90 seconds product pitch in stop motion on a $5 budget

TL;DR

We needed a product video to show Gym Hero to the world. It's an iPhone workout tracker app we made and we think it kicks ass.

We present to you the result, followed by some words about how we made this and finally a version with explicit lyrics (our favorite version, actually).

Turn on your speakers/headphones :)

The whole story

You know how it is. There was this great idea floating around in your head, you talked about it with friends and finally invested the time and work necessary to realize it. Now you sit there, all happy and proud. But nobody really knows about that cool thing you've created.

Sucks. You need to tell people about it. That's easy. No wait, it's not. People rarely read stuff on webpages (thanks for hanging on, btw.). They scan the text and discard most of it, unless…

Unless there's a video. People like videos. Fun videos especially. They're a great way to show off your product tell people a little bit about it. They're just a little expensive to produce. Especially, when you're on a $5 budget.

We discovered some great stop motion videos and found it would be a great way to present our app. Made deal! Two days and 700 photos later we had a little video about Gym Hero.

And here's how we did it

First step: sit down with your co founder, dribble some ideas and sketch up script ideas for the audio track.

It really helps to put together a rough outline of the movie. Can't stress this enough. It'll give you a goal to work towards, so you don’t get lost. Many more ideas came up while we shot the movie, though, but this is how you should start the whole thing.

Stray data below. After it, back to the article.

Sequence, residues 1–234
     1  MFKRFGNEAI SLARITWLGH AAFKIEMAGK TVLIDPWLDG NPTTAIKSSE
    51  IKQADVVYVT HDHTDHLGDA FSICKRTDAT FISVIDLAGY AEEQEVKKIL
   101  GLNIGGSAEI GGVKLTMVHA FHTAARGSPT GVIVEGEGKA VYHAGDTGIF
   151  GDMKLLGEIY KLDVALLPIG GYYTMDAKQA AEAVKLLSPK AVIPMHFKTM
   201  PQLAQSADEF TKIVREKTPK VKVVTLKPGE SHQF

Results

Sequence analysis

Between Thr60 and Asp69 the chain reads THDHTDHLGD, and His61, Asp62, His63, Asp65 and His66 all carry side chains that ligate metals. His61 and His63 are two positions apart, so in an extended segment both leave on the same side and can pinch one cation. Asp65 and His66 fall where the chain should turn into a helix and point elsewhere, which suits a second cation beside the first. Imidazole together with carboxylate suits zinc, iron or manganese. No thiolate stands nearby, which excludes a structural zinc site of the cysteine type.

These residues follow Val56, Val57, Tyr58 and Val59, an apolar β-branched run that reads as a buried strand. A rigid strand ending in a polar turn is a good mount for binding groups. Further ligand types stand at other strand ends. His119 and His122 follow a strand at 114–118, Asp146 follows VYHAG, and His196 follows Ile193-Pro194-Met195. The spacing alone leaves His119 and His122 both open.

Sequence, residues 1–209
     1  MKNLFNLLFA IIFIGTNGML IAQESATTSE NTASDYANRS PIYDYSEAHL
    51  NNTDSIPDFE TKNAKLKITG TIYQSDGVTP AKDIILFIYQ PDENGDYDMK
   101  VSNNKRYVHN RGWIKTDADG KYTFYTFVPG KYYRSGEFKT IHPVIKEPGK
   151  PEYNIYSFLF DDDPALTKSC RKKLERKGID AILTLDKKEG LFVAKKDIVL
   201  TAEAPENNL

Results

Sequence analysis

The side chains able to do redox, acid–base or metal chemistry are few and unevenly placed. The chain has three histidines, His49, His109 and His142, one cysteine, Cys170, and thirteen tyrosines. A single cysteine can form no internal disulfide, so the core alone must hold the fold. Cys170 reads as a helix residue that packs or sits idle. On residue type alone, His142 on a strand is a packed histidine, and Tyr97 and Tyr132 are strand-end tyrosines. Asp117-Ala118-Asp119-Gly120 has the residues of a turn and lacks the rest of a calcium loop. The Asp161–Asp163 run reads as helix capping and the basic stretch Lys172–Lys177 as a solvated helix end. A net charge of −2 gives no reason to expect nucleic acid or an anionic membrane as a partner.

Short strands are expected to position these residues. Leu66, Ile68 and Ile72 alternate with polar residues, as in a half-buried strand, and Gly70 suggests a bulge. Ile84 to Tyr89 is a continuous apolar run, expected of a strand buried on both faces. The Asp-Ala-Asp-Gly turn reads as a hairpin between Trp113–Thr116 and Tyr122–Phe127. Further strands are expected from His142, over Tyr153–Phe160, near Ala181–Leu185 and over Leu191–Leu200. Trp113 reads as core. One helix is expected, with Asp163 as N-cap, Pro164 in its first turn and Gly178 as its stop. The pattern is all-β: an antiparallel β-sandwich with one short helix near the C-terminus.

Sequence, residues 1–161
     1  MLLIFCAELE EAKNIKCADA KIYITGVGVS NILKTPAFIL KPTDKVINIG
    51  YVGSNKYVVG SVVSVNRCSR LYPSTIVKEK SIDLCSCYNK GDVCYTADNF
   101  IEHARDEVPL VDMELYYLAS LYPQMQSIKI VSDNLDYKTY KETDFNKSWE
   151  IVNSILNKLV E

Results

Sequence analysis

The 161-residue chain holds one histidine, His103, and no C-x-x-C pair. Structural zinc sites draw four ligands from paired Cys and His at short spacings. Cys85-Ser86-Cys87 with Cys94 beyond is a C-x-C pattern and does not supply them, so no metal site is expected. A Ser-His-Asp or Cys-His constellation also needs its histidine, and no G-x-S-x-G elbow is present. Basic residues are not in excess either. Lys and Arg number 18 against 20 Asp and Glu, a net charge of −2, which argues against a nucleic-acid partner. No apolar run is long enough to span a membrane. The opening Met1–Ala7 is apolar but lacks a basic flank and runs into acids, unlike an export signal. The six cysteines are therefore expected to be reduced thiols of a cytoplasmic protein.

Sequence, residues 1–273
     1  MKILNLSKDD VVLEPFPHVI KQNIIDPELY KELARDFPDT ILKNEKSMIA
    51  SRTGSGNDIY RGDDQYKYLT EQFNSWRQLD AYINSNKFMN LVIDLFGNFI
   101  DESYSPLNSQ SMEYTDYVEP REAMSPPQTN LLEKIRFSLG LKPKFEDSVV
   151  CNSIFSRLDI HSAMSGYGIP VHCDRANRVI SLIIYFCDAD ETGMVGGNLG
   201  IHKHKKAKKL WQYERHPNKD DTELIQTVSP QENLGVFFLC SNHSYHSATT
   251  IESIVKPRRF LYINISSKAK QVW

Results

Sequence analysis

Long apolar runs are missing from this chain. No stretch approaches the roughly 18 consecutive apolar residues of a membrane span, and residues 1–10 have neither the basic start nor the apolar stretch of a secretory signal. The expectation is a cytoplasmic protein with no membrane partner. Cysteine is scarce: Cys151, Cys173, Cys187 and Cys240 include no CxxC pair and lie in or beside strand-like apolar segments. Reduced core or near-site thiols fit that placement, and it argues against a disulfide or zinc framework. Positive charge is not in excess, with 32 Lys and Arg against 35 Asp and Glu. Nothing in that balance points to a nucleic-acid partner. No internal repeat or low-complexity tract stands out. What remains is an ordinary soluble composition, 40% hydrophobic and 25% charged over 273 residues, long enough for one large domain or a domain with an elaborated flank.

Next step was creating the set. Since we would shoot the pictures over next two days it was necessary to have a good illumination in order to provide the same light in every picture. Winter is grey in Berlin. It took us quite some time to get everything together (about 10 times as much as we thought). Here you can see our set up:

Finally time to shoot some photos! This meant drawing plus doing little changes to the scene over and over again. After every change we took a picture. We repeated these steps more than 1000 times. After two days, a ‘few’ bottles of Flensburger and Becks (that's German beer, in case you didn't already know), hundreds of espressos and lots of laughter we were done. The next task was to tranform the 700+ photos we decided to use into motion.

Putting it together - the voice over

Therefore we dumped the pictures into iMovie (too bad we didn’t try Premiere Pro before, much better). A few crashes and reimports later we set the time for every picture (between 0.1s and 1.0s) to roughly match it up with the lyrics.

Hey, we're done! Well, almost. A good video needs an audio track.

After this got done we needed a voice! We both speak english but we were looking for a native speaker to do the job. Blessedly we found Will! He turned out to have some kick ass dubber skills. If you ever need someone to do a voice over for you, let us know and we'll direct you to the man. Thanks again, Will.

Experimenting with the right voice and speed we ended up with three versions of the clip. Scroll to the end of this post to check out the other two.

Explicit lyrics - Sean Connery edit

Out of nowhere Will started talking with a scottish accent, so we decided to do a quick Sean Connery edit of our video. This is Mike six months later. Fuck me, did he get big!

Trailer voice edit

Will can also do a movie trailer voice, so we did this version as well. Some people even find it easier to understand than the regular edit.

Summary

Lots of work, but a lot of fun as well. Gear we used consisted of

  • camera (Nikon D300s, but the macbook webcam does the job as well. See below)
  • markers
  • paper
  • cardboard
  • tape
  • iMovie,
  • MacBook pro
  • glass table (thanks mom)
  • microphone (again, a macbook does the job)
  • light. LOTS OF LOTS OF LIGHT.

Credits

All credit for this video goes to Avand Amiri, who inspired us to do this video in the first place. Here's his blog post, where he explained what he did in a lot more detail than us, with more numbers, a site where you can buy music for videos pretty cheap (we even used the same song as he did, he made a damn good choice). Especially if you're a hacker news reader, you'll enjoy the rest of his blog as well. Go check it out!